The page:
Russian cyber hackers are targeting organizations involved in coronavirus vaccine development, security officials in the U.S, United Kingdom, and Canada claimed Thursday.
The British National Cyber Security Centre (NCSC) published an advisory detailing the activity of the threat group known as APT29, which “has exploited organizations globally.”
The NCSC assessed that APT29, also named “the Dukes” or “Cozy Bear,” almost certainly operate as part of Russian Intelligence Services. The assessment is supported by partners at the Canadian Communication Security Establishment (CSE), the U.S. Department for Homeland Security (DHS) Cybersecurity Infrastructure Security Agency (CISA), and the National Security Agency (NSA).
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“It is completely unacceptable that the Russian Intelligence Services are targeting those working to combat the coronavirus pandemic,'' Foreign Secretary Dominic Raab said in a statement. “While others pursue their selfish interests with reckless behavior, the U.K. and its allies are getting on with the hard work of finding a vaccine and protecting global health.''
The NCSC made the announcement in a press release that claimed “APT29’s campaign of malicious activity is ongoing, predominantly against government, diplomatic, think-tank, healthcare and energy targets to steal valuable intellectual property.”
“We condemn these despicable attacks against those doing vital work to combat the coronavirus pandemic,” NCSC Director of Operations, Paul Chichester, said in a statement. “Working with our allies, the NCSC is committed to protecting our most critical assets and our top priority at this time is to protect the health sector."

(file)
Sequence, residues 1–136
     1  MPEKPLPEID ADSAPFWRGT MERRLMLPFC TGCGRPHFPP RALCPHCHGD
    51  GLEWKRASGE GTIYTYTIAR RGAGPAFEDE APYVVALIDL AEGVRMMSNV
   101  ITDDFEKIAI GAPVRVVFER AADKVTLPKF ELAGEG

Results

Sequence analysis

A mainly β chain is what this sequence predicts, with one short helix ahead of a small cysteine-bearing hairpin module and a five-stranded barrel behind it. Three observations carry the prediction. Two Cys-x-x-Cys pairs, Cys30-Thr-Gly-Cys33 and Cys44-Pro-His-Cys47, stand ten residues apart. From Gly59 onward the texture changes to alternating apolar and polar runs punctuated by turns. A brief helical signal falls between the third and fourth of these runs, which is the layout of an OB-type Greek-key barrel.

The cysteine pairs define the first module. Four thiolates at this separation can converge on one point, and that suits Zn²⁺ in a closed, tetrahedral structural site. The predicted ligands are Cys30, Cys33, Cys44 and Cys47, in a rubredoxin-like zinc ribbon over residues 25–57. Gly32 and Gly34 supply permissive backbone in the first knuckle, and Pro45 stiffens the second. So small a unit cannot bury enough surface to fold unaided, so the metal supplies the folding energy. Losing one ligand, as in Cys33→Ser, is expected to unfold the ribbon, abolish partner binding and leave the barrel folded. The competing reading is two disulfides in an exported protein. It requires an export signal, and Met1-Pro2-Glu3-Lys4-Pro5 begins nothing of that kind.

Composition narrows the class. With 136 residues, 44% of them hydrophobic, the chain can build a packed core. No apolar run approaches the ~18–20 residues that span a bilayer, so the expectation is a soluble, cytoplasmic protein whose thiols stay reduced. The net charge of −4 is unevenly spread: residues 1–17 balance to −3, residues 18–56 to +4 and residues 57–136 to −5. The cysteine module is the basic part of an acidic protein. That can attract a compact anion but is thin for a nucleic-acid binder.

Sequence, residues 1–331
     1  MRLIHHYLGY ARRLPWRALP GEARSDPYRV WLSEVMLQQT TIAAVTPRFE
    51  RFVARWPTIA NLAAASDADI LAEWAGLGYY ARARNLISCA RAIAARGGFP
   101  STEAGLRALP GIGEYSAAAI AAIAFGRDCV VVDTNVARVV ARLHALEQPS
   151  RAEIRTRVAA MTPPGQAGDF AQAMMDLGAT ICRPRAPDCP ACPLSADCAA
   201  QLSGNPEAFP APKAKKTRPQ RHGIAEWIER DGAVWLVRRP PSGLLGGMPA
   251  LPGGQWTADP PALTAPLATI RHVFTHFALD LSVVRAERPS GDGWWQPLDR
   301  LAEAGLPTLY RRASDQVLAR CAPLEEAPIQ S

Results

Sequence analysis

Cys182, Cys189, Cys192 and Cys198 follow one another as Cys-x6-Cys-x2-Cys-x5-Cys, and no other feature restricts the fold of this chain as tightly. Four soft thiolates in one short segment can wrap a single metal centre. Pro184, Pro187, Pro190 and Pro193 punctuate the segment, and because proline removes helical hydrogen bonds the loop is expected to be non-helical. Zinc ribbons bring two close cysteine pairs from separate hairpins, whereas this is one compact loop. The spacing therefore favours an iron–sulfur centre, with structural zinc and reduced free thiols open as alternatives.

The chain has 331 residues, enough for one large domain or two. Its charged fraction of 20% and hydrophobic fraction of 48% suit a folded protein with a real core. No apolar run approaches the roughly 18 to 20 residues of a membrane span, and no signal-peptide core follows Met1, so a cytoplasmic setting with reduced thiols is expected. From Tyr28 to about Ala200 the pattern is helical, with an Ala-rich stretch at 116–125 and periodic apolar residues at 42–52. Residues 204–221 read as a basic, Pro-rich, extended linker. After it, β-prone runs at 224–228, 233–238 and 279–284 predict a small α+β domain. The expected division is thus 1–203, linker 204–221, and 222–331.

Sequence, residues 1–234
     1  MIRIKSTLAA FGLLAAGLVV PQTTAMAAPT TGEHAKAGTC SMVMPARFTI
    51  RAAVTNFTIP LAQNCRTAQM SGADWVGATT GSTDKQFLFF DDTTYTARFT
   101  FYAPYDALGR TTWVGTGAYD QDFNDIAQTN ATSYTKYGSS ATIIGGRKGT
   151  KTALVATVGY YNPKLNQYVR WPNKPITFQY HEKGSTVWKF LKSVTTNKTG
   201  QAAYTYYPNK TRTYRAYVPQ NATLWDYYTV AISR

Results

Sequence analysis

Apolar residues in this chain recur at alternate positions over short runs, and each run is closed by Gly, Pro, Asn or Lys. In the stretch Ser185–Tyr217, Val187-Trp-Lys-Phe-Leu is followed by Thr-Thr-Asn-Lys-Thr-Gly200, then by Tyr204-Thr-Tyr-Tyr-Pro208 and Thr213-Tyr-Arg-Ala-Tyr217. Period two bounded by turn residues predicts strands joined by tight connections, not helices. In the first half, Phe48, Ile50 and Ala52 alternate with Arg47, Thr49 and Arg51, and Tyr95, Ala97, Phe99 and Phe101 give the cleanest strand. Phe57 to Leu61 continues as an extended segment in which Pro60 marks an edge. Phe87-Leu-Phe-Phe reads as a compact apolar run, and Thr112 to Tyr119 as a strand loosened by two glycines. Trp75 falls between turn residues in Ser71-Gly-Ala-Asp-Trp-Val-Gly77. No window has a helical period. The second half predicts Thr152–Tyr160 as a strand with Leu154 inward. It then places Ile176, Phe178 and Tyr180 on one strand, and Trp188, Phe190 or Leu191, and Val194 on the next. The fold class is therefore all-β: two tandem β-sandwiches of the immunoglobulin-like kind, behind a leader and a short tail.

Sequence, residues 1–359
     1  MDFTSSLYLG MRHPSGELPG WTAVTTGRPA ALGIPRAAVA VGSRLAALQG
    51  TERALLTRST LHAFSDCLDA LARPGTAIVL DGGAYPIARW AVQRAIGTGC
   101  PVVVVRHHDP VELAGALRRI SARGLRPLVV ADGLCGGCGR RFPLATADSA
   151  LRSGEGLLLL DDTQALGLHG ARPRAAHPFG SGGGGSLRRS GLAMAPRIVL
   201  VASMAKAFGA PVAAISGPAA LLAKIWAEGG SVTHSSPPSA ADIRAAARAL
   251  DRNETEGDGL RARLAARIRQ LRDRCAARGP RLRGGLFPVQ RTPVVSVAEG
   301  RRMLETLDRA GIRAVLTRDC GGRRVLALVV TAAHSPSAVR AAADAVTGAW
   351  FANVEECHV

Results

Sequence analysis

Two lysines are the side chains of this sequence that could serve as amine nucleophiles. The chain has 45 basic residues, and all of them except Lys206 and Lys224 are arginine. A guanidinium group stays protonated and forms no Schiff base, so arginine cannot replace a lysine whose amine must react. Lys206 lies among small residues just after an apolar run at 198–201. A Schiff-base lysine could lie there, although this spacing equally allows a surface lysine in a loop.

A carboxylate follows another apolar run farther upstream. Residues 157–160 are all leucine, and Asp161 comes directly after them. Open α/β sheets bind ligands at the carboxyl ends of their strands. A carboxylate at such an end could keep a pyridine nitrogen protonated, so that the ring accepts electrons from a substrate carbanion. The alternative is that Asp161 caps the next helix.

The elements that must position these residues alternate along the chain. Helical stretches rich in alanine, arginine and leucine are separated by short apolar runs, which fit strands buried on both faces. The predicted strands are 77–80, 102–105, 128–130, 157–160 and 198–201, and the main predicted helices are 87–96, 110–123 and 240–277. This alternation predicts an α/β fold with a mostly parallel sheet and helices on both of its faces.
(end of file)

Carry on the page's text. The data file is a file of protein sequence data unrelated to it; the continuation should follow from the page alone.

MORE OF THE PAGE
Chichester also urged "organizations to familiarize themselves with the advice we have published to help defend their networks.”
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The NCSC said they are more than 95 percent certain that APT29 is part of the Russian Intelligence Services. APT29 has targeted medical research and development organizations. It also assessed it is highly likely – between 80 and 90 percent -- that this activity was to collect information on COVID-19 vaccine research or research into the COVID-19 virus itself.
The persistent and ongoing attacks are seen by intelligence officials as an effort to steal intellectual property, rather than to disrupt research. It was unclear whether any information actually was stolen but the center says individuals’ confidential information is not believed to have been compromised.
Cozy Bear, also known as "the Dukes," has been identified by Washington as one of two Russian government-linked hacking groups that broke into the Democratic National Committee computer network and stole emails ahead of the 2016 presidential election. The other group is usually called Fancy Bear.
The NCSC has previously warned that APT -- or Advanced Persistent Threats -- groups have been targeting organizations involved in both national and international COVID-19 responses. It said known targets of APT29 include U.K., U.S., and Canadian vaccine research and development organizations. Officials claim the group uses a variety of tools and techniques, including spear-phishing and custom malware known as “WellMess” and “WellMail”.
The statement did not say whether Russian President Vladimir Putin knew about the vaccine research hacking, but British officials believe such intelligence would be highly prized.
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U.S. authorities have for months leveled similar accusations against China. FBI Director Chris Wray said last week, “At this very moment, China is working to compromise American health care organizations, pharmaceutical companies, and academic institutions conducting essential COVID-19 research.”
The Associated Press contributed to this report.